‘Mary and George’ Is Rife with Orgies, Queer Affairs, and ‘Sizzling’ Seduction: It’s a ‘Very Punk’ Take on Royal Sex
ManOfTheCenturyMovie Tv ‘Mary and George’ Is Rife with Orgies, Queer Affairs, and ‘Sizzling’ Seduction: It’s a ‘Very Punk’ Take on Royal Sex

‘Mary and George’ Is Rife with Orgies, Queer Affairs, and ‘Sizzling’ Seduction: It’s a ‘Very Punk’ Take on Royal Sex



‘Mary and George’ Is Rife with Orgies, Queer Affairs, and ‘Sizzling’ Seduction: It’s a ‘Very Punk’ Take on Royal Sex

A mother pimping out her son? Not quite a story you hear every day, but historically accurate nonetheless.

Julianne Moore and Nicholas Galitzine lead limited series “Mary and George” as the titular Mary Villiers, Countess of Buckingham, and her son George, who together set out to seduce King James I (Tony Curran) and well, penetrate the throne.

While the trailer quickly was turned into viral GIFs courtesy of Galitzine and Curran’s steamy scenes, it’s Oscar winner Moore’s performance that has turned critics’ heads, according to reviews for the series. The Guardian called the series “magnificent” in part due to its “narrative rigor of ‘The Favourite,’ the disciplined panache of ‘The Great,’ just a dash of ‘The Tudors’’ excess and enough sex to keep ‘Bridgerton’ fans happy too.” Those risqué scenes range from queer group sex, royal orgies, and Moore’s “monster” of a mother who still serves as the deliciously deceitful heroine of the tale, created by “Killing Eve” screenwriter and playwright D.C. Moore.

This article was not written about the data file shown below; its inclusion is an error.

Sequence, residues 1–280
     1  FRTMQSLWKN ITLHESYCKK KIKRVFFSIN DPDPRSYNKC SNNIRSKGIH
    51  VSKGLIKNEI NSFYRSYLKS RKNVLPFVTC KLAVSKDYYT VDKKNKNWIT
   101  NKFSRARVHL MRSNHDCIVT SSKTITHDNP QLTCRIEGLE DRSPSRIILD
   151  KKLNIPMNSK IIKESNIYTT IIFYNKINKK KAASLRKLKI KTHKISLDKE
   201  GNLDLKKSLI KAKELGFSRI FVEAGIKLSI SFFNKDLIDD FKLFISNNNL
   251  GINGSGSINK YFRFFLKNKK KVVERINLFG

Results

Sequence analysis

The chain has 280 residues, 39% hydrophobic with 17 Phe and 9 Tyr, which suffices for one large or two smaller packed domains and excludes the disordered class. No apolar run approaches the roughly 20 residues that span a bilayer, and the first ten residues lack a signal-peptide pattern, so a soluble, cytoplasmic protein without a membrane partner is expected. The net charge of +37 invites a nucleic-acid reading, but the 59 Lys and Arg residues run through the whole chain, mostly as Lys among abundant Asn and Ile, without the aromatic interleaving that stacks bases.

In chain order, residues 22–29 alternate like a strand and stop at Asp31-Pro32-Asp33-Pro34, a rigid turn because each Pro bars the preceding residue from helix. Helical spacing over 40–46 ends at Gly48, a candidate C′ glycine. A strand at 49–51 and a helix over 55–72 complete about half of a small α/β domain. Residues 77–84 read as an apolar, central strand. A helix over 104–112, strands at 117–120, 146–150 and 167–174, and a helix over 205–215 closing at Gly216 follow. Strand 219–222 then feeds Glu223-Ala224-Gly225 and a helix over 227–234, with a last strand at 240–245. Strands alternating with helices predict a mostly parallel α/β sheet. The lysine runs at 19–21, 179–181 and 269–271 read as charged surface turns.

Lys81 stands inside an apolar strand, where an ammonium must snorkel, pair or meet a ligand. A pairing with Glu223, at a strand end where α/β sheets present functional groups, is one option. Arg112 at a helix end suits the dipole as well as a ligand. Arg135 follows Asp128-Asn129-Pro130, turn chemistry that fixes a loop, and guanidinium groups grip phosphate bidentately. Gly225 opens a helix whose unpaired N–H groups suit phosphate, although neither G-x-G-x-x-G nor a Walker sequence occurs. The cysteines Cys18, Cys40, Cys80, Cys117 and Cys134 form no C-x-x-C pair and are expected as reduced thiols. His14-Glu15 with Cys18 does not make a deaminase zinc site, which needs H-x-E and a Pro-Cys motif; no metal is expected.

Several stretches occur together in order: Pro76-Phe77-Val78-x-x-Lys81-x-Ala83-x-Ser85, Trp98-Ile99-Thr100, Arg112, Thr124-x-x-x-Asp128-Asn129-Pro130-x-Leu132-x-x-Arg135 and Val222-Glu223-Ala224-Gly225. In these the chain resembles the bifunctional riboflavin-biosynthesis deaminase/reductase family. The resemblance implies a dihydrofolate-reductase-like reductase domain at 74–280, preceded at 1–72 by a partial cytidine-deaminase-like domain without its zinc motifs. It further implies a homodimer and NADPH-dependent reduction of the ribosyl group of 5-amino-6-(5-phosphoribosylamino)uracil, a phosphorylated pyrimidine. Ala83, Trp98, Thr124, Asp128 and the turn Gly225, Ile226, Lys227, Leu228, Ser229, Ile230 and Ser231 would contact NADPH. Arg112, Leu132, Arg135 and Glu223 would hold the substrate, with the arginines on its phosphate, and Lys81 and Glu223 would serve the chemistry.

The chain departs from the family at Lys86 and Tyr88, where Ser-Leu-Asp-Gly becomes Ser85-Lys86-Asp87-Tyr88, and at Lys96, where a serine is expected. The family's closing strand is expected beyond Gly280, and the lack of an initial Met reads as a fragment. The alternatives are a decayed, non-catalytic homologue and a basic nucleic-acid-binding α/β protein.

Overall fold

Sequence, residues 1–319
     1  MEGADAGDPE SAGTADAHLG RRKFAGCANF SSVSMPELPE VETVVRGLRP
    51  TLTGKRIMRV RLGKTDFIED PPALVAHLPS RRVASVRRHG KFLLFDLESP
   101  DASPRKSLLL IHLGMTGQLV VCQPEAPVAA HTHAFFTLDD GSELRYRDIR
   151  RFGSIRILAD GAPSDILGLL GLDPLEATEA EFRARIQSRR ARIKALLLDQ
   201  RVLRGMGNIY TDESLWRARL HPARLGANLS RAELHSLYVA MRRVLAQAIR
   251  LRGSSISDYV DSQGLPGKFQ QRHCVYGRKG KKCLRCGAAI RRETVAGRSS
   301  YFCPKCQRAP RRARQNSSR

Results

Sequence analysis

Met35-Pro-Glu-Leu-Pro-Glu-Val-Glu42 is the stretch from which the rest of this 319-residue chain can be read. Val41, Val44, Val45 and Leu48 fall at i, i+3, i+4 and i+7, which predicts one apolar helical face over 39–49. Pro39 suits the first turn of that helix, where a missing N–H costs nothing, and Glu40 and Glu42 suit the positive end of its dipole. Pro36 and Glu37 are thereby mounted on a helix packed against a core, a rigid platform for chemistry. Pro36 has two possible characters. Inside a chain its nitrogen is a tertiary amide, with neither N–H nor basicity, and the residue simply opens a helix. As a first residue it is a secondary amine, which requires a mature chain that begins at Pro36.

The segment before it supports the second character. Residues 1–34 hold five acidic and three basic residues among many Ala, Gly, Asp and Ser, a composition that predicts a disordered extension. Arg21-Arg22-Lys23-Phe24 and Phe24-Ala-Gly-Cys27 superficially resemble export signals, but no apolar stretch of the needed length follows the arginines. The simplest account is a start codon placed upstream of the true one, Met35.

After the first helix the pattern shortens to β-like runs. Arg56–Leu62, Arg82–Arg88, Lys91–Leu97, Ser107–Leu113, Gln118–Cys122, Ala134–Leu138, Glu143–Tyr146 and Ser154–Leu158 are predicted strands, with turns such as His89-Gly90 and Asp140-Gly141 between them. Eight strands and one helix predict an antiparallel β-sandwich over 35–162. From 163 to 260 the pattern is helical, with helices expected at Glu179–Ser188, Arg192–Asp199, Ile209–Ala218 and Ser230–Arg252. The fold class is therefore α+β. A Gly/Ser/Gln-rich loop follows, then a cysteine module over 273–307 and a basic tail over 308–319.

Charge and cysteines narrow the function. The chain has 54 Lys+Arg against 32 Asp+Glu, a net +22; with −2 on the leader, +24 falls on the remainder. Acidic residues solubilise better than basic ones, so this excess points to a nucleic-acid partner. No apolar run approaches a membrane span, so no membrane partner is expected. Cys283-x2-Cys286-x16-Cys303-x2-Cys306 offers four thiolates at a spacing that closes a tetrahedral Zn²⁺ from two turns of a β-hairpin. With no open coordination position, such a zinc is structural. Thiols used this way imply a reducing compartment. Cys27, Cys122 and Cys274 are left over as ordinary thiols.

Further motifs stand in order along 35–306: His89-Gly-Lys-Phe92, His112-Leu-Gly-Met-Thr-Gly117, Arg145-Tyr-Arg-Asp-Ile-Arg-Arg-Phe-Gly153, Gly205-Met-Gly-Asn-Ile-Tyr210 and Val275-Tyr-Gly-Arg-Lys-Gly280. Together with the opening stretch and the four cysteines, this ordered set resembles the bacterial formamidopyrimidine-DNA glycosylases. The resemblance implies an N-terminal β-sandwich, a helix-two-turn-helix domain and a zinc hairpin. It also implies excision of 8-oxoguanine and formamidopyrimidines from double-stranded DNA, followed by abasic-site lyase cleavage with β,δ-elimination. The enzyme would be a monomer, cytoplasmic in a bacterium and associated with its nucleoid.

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The Yahoo! review noted, “Moore has played plenty of mothers before — but never one like this, one whose motherly instincts feel tinged with an almost barbaric sense of self-preservation. Surrounded by a cast of mostly British actors, this American-born Oscar winner more than holds her own, finding a chilling coarseness run through her portrayal of Mary Villiers,” adding that “Mary and George” is “not so much a story about power as it is about seduction.”

But isn’t power and seduction one and the same?

“These are people who use sex not just for intimacy and relationship building, but for power, as a transaction,” Moore told The New York Times of unpacking her titular role. “The most compelling thing to me about Mary was that she was very aware of how limited her choices were. She had no autonomy, her only paths are through the men she is married to, or her sons.”

Moore added that her son George “is almost her proxy; he has access to a world she doesn’t have.”

The sexual politics and gendered divisions of power onscreen further seems to echo Moore’s latest turn as both a mother and a seducer in “May December.” Moore reflected on the royal legacy of “Mary and George,” saying that “this history could be told through a female lens, a queer lens.” The actress called the series “very punk, very active, and modern,” quipping, “It’s not a historical drama that is relaxing!”

Up next, Moore will star alongside Tilda Swinton and John Turturro in Pedro Almodóvar’s first English-language feature “The Room Next Door.” Meanwhile, her “Mary and George” co-star Galitzine leads rom-com “The Idea of You” with Anne Hathaway in May.

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